WASHINGTON (AP) — President Joe Biden’s requirement for federal workers to reveal their COVID-19 vaccination...

GLIMPSES: Olympic swimmers, reaching for victory

TOKYO (AP) — At the beginning of the race, all is hopeful. And all is possible. Part of...

Russia blames space station lab incident on software failure

MOSCOW (AP) — A Russian space official on Friday blamed a software problem on a newly docked science lab for...

The Latest: Georgia scrambles to increase vaccination rates

ATLANTA — Local officials in Georgia are scrambling to increase vaccination rates even as more schools continue...

Roberto Calasso, Italian publisher and literary figure, dies

ROME (AP) — Roberto Calasso, a towering figure in European publishing as the driving force behind an esteemed...

Tunisian police detain lawmaker, Islamist party officials

TUNIS, Tunisia (AP) — Tunisian authorities jailed an opposition lawmaker Friday and briefly detained four...

Mary Clare Jalonick the Associated Press

WASHINGTON (AP) -- There's a new U.S. symbol for healthful eating: The Agriculture Department unveiled "My Plate" on Thursday, abandoning the food pyramid that had guided many Americans but merely confused others.

The new guide is divided into four slightly different-sized quadrants, with fruits and vegetables taking up half the space and grains and protein making up the other half. The vegetables and grains portions are the largest of the four.

Gone are the old pyramid's references to sugars, fats or oils. What was once a category called "meat and beans" is now simply "proteins," making way for seafood and vegetarian options like tofu. Next to the plate is a blue circle for dairy, which could be a glass of milk or a food such as cheese or yogurt.

Some critics, including congressional Republicans, have charged the Obama administration of reaching too far in trying to make Americans eat healthier, especially when it comes to new rules that tell schools what children can eat on campus.

The new plate is simply guidance for those looking to improve their diet, however. It's supposed to be a suggestion, not a direction, said Agriculture Secretary Tom Vilsack.

"We are not telling people what to eat, we are giving them a guide," he said. "We're not suggesting they should not have a cookie or dessert, that's not what it's about."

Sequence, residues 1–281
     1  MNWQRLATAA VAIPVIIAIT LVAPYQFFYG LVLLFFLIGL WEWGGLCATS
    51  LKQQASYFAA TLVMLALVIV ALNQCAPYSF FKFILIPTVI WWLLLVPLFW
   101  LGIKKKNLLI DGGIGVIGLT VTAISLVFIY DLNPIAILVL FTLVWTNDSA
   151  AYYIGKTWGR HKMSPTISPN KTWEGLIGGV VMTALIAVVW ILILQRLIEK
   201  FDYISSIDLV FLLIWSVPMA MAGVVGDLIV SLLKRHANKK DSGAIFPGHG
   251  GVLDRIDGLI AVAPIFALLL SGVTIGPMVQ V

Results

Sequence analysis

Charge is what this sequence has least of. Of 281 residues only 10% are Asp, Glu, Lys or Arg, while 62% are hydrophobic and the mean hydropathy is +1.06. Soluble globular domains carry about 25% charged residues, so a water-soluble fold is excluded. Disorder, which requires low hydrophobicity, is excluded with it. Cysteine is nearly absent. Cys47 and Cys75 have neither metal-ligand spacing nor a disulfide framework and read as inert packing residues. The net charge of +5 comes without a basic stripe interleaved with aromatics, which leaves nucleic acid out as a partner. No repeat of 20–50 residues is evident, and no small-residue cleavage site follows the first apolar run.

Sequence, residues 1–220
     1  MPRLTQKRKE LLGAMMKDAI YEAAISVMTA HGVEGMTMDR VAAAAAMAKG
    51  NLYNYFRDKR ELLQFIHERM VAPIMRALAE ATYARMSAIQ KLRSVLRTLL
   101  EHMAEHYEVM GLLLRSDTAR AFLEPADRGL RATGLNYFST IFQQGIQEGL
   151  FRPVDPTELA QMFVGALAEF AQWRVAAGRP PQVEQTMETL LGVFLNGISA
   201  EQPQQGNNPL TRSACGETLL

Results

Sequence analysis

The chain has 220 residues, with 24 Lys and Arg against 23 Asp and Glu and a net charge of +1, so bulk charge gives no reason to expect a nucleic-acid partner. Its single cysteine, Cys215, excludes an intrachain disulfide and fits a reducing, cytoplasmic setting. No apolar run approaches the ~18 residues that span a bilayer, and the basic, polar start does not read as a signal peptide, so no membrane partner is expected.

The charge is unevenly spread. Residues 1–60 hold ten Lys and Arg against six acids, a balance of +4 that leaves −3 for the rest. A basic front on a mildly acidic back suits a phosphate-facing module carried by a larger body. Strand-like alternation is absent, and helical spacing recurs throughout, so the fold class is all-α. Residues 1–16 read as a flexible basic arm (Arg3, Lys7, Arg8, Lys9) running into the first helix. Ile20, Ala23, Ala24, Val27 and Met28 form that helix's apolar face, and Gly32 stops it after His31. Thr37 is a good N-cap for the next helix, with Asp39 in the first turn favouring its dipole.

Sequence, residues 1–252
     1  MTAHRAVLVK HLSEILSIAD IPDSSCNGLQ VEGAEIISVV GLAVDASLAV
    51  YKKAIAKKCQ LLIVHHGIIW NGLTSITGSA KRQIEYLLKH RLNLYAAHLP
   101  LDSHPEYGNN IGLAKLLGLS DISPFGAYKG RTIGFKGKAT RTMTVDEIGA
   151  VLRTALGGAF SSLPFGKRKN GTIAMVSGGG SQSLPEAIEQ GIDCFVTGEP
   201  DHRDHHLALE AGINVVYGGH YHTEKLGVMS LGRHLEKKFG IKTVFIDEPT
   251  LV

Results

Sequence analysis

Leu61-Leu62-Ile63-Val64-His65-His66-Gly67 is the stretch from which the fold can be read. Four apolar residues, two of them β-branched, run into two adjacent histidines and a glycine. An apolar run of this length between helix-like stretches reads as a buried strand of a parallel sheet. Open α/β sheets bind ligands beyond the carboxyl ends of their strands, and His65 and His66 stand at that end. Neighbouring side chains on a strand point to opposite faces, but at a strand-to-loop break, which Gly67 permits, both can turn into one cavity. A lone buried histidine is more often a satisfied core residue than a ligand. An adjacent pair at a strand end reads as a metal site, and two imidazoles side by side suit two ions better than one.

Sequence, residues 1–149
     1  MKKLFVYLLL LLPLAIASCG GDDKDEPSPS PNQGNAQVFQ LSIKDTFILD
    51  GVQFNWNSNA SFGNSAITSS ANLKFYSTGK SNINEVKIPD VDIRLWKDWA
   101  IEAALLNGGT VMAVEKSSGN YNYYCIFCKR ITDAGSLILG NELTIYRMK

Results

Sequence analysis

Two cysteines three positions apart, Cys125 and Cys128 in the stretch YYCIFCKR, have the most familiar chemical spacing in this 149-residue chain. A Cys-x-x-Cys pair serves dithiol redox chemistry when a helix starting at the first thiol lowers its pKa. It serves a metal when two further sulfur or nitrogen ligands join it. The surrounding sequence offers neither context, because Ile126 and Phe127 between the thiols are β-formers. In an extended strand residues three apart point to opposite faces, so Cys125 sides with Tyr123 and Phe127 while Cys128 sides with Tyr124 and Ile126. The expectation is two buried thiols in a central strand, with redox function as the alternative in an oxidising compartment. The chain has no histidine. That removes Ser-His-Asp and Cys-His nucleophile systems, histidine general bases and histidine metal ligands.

Vilsack said the new round chart shows that nutrition doesn't have to be complicated. After almost 20 years of leaders preaching good eating through a food pyramid the department now says was overly complex, obesity rates have skyrocketed. He showed off the new plate with first lady Michelle Obama, who has made healthful diets for children a priority through her "Let's Move" campaign.

"Parents don't have the time to measure out exactly three ounces of protein," Mrs. Obama said as she introduced the new graphic. "We do have time to look at our kids' plates."

The department is planning to use social media - posting advice every day on Twitter, for example. The address of the accompanying website, choosemyplate.gov, is written on the chart. That website will eventually feature interactive tools that help people manage their weight and track their exercise.

The new chart is designed to be "more artistic and attractive" and to serve as a visual cue for diners, said Robert Post of the Agriculture Department's Center for Nutrition Policy and Promotion. He has spent two years developing the plate and the website.

Even though the plate is divided into four different-sized sections, the servings don't have to be proportional, Post says. Every person has different nutritional needs, based on age, health and other factors.

The graphic is based on new department dietary guidelines released in January. Those guidelines, which are revised every five years, tell people to drastically reduce salt and continue limiting saturated fats. They say diners can enjoy food but should balance calories by eating less. The guidelines also suggest making half of your plate fruits and vegetables - a message easily translated on the dinner plate.

"We know Americans want to be healthy, but making those healthy choices is not easy, it's hard," said Surgeon General Regina Benjamin, who joined Mrs. Obama and Vilsack to unveil the plate. "We're trying to make it easier."

The guidelines and the icon were subject of lobbying by food industries who want to see their products promoted and not discouraged. Fruit and vegetable growers were celebrating their victory over half of the plate Thursday, while dairy producers said they were also pleased with the cup beside it. The president of the beef industry group National Cattleman's Beef Associaton, Bill Donald, said he is not concerned about the elimination of the word "meat" because beef is so associated with the word "protein."

The first food pyramid was introduced in 1992, with detailed descriptions of recommended foods and their portion sizes. The tip of the pyramid represented fats, oils and sweets, cautioning diners to "use sparingly."

After research showed the pyramid wasn't working, the department worked with a public relations firm and came up with an all-new pyramid in 2005 that was characterized by vertical lines of color and a stick figure walking up a staircase to symbolize exercise. At the time, officials said they wanted something motivational and recognizable. But the Obama administration eventually ditched that model, opting for something fresher.

Many nutritionists and nutrition groups praised the newest effort, crossing their fingers that people will listen.

Marion Nestle, professor of nutrition, food studies, and public health at New York University, said there are already a lot of symbols out there telling people what to eat. She said the new model isn't perfect, it's a good step forward.

"This brings it all together," she said.